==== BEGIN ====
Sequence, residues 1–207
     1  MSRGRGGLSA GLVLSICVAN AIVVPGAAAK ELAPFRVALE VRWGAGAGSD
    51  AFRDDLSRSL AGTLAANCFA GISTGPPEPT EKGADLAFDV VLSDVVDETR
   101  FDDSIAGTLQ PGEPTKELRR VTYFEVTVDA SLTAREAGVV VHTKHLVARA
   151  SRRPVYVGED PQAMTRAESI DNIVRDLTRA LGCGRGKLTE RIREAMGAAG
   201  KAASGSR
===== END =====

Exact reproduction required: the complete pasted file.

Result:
Sequence, residues 1–207
     1  MSRGRGGLSA GLVLSICVAN AIVVPGAAAK ELAPFRVALE VRWGAGAGSD
    51  AFRDDLSRSL AGTLAANCFA GISTGPPEPT EKGADLAFDV VLSDVVDETR
   101  FDDSIAGTLQ PGEPTKELRR VTYFEVTVDA SLTAREAGVV VHTKHLVARA
   151  SRRPVYVGED PQAMTRAESI DNIVRDLTRA LGCGRGKLTE RIREAMGAAG
   201  KAASGSR